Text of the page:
But it isn't all bad news. On March 23 this year, the Office of the Deputy Prime Minister launched a new housing initiative. The Key Worker Living scheme is worth £690m and is designed to retain the skills needed in frontline public services such as education, health and community safety by helping people that have been priced out of the market. The scheme will focus on expensive areas of the country such as London and will provide relief to at least some FTBs.
London is a city of extremes and nowhere is this more evident than in the property market. The government has acknowledged that without greater intervention, more and more people hoping to buy property in the capital will fail to achieve their aspirations.
There could be a regional housing shortage of half a million by 2021
Paul Fincham is a spokesman for Halifax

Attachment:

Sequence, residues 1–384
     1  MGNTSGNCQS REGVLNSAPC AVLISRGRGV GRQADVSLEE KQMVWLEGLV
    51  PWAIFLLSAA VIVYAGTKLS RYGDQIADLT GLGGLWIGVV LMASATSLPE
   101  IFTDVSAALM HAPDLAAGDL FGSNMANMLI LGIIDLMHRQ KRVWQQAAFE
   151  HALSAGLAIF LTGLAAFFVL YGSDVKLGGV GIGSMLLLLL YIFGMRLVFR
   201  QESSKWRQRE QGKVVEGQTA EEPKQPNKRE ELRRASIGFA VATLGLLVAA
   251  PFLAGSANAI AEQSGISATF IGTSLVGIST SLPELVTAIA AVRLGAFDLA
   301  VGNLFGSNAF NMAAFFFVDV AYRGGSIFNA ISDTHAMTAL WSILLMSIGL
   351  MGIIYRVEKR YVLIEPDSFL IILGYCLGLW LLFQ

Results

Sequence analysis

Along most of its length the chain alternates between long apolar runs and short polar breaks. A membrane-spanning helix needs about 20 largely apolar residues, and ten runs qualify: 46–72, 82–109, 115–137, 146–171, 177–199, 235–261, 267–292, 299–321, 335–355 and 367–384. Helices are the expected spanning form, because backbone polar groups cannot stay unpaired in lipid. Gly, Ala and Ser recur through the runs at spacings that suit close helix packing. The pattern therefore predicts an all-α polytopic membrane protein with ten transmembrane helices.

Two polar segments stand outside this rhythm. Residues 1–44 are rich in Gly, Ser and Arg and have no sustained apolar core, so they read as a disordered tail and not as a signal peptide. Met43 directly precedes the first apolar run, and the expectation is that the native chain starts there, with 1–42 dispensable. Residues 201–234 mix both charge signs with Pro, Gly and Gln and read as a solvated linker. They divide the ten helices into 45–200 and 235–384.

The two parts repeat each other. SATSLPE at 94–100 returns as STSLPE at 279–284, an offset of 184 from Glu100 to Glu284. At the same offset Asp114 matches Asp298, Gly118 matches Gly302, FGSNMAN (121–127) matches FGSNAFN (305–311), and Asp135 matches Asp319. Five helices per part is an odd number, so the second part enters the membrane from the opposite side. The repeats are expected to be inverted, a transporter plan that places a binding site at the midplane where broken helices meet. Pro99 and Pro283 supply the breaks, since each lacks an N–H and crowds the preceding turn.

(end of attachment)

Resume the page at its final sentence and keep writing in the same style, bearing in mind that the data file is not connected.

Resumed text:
House prices in the capital paused for breath during 2003 with the main increases in UK house prices being seen outside the M25 area. The annual rate of house price growth in London at the end of 2003 stood at 8.6% – around half the UK average rate of 15.4%.
However, house prices in greater London have risen by over 50% during the past three years and have doubled since summer 1997. Low interest rates and continued gains in employment have provided a positive backdrop while the trend of demand outstripping supply has been a major factor supporting house price inflation in the region.
Halifax expects house prices in London and the South-East to increase modestly during 2004. House prices in the London mainstream market – properties up to £250,000 – are expected to grow by approximately 8% during 2004. That's about the same as 2003 but still below the long-term regional average of 10%.